Plenty of reasons to celebrate.

When the Kindergarten works together to write an alphabet book, we throw a publishing party. The first grade works with numbers up to a hundred. Naturally, they celebrate the 100th day of school. Sixth grade focuses on writing personal narratives. On Memoir Night, they share a meal and their voices through the narratives. And February 14 is “I LOVE Math Day.” These are some of the ways that we celebrate learning.

Just as important, 13 times a year we gather as a whole school to celebrate the goodness of God. These traditions anchor the school year. Some of these celebrations might be familiar to you like Thanksgiving and Easter. Others might be new. In the fall we celebrate the Jewish feasts as a part of our Christian heritage. Rosh Hashanah. Sukkot. Simchat Torah. In the spring we have the Palm Celebration. The Way of the Cross. A Passover meal.

Most of our celebrations take place during the school day. But the last night before Christmas break, we reenact Las Posadas. The police block off the streets around Church Square Park. We hire a mariachi band. We put on costumes. Then the extended school community comes out by the 100s. We follow Mary and Joseph as they look for a place to stay. The church welcomes Mary, Joseph, and the crowd that follows them. Our students give a joyful concert. Then we throw a party, complete with a piñata.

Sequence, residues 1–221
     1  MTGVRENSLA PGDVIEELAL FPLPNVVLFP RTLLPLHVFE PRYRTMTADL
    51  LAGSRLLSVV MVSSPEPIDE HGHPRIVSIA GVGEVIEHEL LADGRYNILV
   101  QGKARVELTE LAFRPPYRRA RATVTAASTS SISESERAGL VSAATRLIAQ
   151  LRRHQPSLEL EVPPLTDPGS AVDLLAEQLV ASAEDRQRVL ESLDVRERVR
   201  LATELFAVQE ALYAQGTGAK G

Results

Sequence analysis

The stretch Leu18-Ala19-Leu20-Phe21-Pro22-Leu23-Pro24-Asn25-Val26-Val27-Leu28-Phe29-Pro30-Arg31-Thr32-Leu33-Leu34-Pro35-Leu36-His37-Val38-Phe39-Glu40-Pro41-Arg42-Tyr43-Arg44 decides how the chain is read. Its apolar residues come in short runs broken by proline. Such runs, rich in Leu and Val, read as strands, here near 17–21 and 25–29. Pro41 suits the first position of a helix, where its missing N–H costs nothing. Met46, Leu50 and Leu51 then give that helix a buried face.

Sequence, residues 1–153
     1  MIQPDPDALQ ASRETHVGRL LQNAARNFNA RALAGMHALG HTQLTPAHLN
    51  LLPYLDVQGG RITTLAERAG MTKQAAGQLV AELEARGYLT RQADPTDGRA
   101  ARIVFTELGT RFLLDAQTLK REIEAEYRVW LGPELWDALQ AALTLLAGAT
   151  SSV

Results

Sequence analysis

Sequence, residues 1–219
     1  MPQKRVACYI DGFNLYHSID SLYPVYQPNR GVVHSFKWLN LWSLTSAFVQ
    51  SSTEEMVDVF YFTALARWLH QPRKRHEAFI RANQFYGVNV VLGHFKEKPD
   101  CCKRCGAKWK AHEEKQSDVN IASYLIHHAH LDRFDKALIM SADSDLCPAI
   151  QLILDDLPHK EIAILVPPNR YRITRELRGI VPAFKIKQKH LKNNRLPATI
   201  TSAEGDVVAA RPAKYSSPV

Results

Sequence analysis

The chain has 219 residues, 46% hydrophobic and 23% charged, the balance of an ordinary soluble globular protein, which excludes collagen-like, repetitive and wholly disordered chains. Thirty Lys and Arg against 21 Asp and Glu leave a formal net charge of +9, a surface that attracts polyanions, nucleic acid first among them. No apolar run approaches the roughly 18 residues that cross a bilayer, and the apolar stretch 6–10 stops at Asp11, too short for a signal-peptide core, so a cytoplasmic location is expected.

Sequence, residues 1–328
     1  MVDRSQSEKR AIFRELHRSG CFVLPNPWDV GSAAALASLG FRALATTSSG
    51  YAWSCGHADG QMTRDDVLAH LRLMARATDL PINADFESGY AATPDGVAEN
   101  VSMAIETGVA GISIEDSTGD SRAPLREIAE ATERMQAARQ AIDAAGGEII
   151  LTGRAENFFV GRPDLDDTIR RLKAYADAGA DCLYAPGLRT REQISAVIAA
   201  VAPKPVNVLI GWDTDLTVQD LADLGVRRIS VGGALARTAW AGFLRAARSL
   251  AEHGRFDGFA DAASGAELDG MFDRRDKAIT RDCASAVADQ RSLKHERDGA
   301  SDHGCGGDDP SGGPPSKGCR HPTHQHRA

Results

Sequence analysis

We also celebrate each child. One way we do this is by acknowledging each student’s birthday. Every student receives a birthday book that is given to the school library in their honor. Teachers choose birthday books based on each student’s interest or a topic of study for the class. Summer birthdays are celebrated on the half-birthday.

Our celebrations reflect the diversity in the school. And the unity that we have in the one God who loves us.